October 18, 2007

Walkin' Notes: Live Oak

Chiles had a grand time in Live Oak, and got to rethinking about Vietnam on his journey:

I met a fine gentleman, Mr. O.T. Watley, in Live Oak. He was cutting the grass of a business establishment and when I shook hands with him, I noticed his hands were gnarled. He told me that he had been hit with 7,500 volts of electricity and that it had literally blown up his hands and feet. The doctor told him he would never be able to work again and that he was 100 percent disabled. Mr. Watley decided he didn't want to spend the rest of his life lying around feeling sorry for himself, and now he has a lawn care service. What a wonderful example this man is and what a contrast he is with the people who refuse to even try to get a job but rather want someone to hand it all to them on a platter.

Then I moved on to the Occidental plant nearby. It's a phosphate operation, and I talked with many of the workers. I had an opportunity for them to ask me questions and one fellow asked what I could suggest to help the small farmers today. He pointed out that the farmer is getting $1.10 to $1.20 a bushel for wheat, exactly the price he was getting 10 to 15 years ago, yet the price of bread has gone sky-high during that time. I certainly had to agree with him that farmers have really had to improve efficiency and work doubly hard to stay alive with the price levels staying the same. The markup has been with the broker, the stores and others in the chain from grower to consumer. This, of course, is why the farmer is gradually disappearing and this is a critical problem.

I told this worker about a bill we'd just passed which allows soybean producers to get together and work together to promote the use of soybeans and get better prices. To me this is a much better answer than government controls. I think the small farmer is an essential part of this country, and to save him we must give him help and encouragement in every way we can — AND freedom to do anything he can for himself.

Another question I've run into quite a bit lately is, "What are your views on Viet Nam?" Well, I point out that I had always considered myself a hawk before, but I have now reached the position that I believe we ought to pull out of Viet Nam as soon as possible. President Nixon has now said we are not seeking a military victory. If we are not going to seek to win, then I think we should get our troops out as soon as possible. The danger is that Viet Nam will drain us economically, is dividing the country and is costing the lives of our fine young men. We cannot afford any of this. The greatest strength we have is our economic strength, being able to prove we've got a better system than Russia or Communist China. We cannot continue to produce more and do more for people if we allow this war to drain us, and to push us into the trap that the Russians have set for us. I don't know how soon we can pull out. We must prepare the Vietnamese people; I hope that this is already well along. But we must be firmly committed to getting out, and I don't think we should get involved in any more land wars in Asia.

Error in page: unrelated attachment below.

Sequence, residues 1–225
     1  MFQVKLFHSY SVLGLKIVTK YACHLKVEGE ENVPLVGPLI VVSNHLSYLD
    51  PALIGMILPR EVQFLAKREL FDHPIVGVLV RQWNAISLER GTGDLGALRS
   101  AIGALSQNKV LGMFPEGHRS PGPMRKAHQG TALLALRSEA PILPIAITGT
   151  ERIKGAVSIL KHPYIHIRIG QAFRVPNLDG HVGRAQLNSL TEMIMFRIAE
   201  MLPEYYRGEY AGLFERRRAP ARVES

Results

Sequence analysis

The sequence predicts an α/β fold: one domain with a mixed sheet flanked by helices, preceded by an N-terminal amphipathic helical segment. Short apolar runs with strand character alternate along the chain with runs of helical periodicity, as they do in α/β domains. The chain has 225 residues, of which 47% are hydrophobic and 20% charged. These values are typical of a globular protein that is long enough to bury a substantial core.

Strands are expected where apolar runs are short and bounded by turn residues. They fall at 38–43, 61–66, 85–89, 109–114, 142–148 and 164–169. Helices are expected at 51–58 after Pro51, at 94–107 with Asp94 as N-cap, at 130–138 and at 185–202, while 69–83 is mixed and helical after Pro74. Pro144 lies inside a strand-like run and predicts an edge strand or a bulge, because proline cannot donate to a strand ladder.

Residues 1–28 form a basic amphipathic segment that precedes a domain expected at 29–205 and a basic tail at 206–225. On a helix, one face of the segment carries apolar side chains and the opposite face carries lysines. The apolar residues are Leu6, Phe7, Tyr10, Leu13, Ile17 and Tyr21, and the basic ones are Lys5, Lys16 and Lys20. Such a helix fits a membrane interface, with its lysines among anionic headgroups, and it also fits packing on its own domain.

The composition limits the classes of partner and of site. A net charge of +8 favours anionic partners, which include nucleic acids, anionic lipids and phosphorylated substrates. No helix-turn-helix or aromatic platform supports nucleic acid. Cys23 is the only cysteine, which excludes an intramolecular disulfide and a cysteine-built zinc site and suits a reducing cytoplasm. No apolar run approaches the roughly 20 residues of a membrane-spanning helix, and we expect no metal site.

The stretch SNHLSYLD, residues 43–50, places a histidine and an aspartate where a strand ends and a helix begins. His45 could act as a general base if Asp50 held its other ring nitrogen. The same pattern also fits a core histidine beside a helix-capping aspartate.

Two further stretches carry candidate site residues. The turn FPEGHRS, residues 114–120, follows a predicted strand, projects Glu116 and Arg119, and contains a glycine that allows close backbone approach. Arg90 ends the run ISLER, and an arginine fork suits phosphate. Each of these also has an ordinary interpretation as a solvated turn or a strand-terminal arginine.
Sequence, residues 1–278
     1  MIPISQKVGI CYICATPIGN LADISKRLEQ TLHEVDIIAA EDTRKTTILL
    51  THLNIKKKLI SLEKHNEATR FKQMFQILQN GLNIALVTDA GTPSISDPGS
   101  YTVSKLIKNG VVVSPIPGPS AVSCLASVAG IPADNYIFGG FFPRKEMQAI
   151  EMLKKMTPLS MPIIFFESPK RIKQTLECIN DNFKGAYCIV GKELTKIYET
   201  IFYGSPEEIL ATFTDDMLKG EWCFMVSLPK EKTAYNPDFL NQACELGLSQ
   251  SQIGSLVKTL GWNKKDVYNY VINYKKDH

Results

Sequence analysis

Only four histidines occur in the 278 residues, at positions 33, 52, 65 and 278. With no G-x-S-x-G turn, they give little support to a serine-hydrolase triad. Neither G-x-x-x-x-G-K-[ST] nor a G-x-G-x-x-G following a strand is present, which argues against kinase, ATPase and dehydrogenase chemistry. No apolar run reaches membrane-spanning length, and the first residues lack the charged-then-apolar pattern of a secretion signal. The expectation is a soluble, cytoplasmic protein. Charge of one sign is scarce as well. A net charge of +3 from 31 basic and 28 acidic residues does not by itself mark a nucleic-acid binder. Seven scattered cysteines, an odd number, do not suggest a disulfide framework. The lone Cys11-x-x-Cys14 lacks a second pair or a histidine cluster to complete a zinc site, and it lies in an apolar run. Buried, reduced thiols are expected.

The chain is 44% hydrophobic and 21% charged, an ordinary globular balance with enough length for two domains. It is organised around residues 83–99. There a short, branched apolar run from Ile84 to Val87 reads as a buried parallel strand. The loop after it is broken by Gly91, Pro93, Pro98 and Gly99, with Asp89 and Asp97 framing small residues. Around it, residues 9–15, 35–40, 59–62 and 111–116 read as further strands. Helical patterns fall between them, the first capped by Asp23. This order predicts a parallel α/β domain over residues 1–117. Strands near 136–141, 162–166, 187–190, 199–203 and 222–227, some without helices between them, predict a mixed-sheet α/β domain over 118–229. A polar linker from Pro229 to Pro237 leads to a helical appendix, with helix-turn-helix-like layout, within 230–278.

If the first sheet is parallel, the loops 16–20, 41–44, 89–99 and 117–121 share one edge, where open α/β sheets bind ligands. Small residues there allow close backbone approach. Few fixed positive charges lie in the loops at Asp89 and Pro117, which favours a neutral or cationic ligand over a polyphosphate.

The remark I made about my undershorts the other day brought many reactions. Sen. Beaufort from Jacksonville and his daughter, Mike, took pity on me. They came to walk with me Saturday and they left me two pairs of silk shorts, one pair bright orange and one bright green. I want to thank them. I wore the green pair and they cured all my troubles.

I got in on the tail end of a meeting at Madison High School the other night. The men there were making plans for the integration that their schools have to go through in September. I thought it was interesting because these men had gotten together and decided that, since they were under court order and there was nothing they could do, they were going to see that merging the black and white schools went as peacefully and as orderly as it possibly could. They had arranged to have the athletes from both schools have spring training together and the black coach had come over as the assistant coach in the white high school. They had brought a number of parents and students in from both schools, and all of them were really proud that they had decided to see that this thing worked smoothly.

As I went through Live Oak, I had a tour of the Boys Ranch with Jim Strayer, his wife Betty and their 5 year old son. Betty (Skipper) Strayer was a classmate of mine at Lakeland High School, and their son is a real pistol. It was after dark, but I could see what outstanding facilities they have there. They have several thousand acres with 2 1/2 miles of frontage on the Suwannee River itself. They have beautiful, cottage-type red brick homes with a couple living in with the boys. There is a gymnasium and stables, and some volunteers had flown in to build a ham radio station. There are over 100 boys here. These are dependent boys, not boys in trouble. They are either from broken homes or families where something has happened to the parents. They can really grow up here as boys. They have dogs to play with, they have family life, and many of the boys have gone on to the service or college. The ranch has been operating now for over ten years. It is sponsored by the Sheriff's Association, and they've done an outstanding job here for the boys.

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